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Arts and Entertainment

On display in Charlotte
6 exhibits to see now
Published Monday, March 10, 2014
by Michaela L. Duckett

How does a black woman’s perception of herself differ from how others view her?  Throughout the history of mankind, which invention most changed the world? Are there any women blazing a trail in NASCAR? (Clue: it’s not the statue out front.) Explore the answers to these questions and more at the following exhibitions on currently display in the Charlotte area.


The Harvey B. Gantt Center for African-American Arts + Culture; www.ganttcenter.org

This exhibition on display at the Gantt Center through June 1 explores the ideas and illusions of the feminine mystique and examines how women of the African Diaspora are seen, from their perspective and through the eyes of others. “I See You” presents the work of six contemporary artists who expand the constructs of female identity in the 21st century and explores Juxtaposing historical ideologies, the contemporary, self-presentation and imposed representation of Black women. Whether through implications of the body, or figurative representations of women, this mixed-media exhibition explores the artists' desires to deconstruct and redefine history, identity and culture. Featured artists include Ruby Onyinyechi Amanze, Endia Beal, Michaela Pilar Brown, Wanda Raimundi-Ortiz, Toyin Odutola and Alexandria Smith.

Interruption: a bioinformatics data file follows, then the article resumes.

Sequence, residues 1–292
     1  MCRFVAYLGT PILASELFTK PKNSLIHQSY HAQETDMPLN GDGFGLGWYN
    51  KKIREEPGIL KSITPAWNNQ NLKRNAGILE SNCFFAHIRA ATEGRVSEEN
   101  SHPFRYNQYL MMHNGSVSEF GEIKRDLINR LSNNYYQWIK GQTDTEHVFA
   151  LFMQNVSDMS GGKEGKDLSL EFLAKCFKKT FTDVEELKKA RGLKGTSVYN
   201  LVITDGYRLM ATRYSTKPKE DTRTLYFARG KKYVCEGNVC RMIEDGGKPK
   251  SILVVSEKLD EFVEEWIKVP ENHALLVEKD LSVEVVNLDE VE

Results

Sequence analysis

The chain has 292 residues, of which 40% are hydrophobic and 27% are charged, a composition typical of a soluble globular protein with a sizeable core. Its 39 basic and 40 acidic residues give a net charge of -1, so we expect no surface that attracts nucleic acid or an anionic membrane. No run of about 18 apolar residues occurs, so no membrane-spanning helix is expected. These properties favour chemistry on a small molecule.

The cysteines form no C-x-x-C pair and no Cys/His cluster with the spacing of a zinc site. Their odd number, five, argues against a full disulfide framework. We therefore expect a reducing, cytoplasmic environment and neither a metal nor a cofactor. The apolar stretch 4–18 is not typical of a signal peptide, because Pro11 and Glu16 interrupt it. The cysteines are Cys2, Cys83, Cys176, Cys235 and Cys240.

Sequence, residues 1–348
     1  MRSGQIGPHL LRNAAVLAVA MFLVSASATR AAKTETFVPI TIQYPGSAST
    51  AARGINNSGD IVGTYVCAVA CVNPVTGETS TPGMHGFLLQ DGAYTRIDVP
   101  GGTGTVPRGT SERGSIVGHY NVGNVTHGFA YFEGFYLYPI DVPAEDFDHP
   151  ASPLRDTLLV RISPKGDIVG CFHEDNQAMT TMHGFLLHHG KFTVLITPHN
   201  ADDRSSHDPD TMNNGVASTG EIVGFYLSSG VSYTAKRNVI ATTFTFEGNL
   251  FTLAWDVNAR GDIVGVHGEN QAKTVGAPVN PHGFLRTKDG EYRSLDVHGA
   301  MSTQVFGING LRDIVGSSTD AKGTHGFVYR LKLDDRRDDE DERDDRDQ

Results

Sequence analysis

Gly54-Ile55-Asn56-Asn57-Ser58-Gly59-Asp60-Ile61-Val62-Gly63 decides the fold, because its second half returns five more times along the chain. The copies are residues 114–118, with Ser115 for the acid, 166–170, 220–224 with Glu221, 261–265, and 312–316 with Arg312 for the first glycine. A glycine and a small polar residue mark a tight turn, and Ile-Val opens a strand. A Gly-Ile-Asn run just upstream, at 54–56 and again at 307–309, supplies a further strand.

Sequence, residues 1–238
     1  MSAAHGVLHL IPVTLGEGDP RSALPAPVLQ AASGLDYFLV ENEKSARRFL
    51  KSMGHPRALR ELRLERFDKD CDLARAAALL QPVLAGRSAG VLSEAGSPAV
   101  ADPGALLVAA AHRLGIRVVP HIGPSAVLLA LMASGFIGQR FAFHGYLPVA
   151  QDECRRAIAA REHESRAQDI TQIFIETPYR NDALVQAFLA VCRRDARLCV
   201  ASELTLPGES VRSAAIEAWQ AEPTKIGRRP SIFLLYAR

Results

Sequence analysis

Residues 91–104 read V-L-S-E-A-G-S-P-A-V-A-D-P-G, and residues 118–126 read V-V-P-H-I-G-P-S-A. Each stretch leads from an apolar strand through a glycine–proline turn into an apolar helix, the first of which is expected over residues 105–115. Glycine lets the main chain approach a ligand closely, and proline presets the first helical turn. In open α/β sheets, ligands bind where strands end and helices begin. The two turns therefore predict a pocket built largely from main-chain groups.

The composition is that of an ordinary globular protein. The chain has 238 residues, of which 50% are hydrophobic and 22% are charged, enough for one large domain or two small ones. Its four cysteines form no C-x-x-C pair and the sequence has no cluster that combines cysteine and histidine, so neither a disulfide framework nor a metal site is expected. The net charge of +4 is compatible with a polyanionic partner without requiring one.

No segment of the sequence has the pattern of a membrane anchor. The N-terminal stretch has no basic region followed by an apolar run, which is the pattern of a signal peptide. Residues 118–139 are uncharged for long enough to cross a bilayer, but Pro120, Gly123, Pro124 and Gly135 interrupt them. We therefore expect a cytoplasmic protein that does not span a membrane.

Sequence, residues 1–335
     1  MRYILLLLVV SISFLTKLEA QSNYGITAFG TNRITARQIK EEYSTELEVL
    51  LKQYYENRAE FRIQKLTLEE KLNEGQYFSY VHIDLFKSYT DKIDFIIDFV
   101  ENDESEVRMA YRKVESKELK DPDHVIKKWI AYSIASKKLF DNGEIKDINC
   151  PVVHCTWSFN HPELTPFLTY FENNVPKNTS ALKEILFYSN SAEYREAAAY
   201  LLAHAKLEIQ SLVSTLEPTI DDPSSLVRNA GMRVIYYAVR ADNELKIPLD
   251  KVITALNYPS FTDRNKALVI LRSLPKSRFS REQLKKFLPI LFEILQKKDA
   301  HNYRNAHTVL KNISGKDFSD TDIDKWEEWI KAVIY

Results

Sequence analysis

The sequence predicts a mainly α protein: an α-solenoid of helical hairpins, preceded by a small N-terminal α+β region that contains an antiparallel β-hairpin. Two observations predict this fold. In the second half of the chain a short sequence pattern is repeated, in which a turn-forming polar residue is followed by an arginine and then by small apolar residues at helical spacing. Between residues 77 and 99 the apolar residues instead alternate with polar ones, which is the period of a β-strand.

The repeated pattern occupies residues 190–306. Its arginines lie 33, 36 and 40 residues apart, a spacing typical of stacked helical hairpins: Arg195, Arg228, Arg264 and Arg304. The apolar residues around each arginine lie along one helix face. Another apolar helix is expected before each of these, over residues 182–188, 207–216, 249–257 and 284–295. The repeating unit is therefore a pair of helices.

Discovery Place; www.101inventions.discoveryplace.org

Take an extraordinary journey through the history of inventions from stone tools to the birth of the Internet in this revolutionary exhibit, which explores 101 inventions selected by a panel of experts from science centers around the world. Using more than 6,000 different video files, 40 high definition projectors, multi-channel motion graphics and cinema quality surround sound, this interactive experience not only examines the inventions themselves, but also suggests the reasoning behind their development and their consequent effect humankind. Some inventions were discovered by accident, and others out of necessity. Exploring turning points in the history of humankind from 2,600,000 B.C. when stone tools were first used to the invention of the alphabet, the locomotive and the 1993 debut of the Global Positioning System, you might be surprised which inventions top the list as changing the world the most.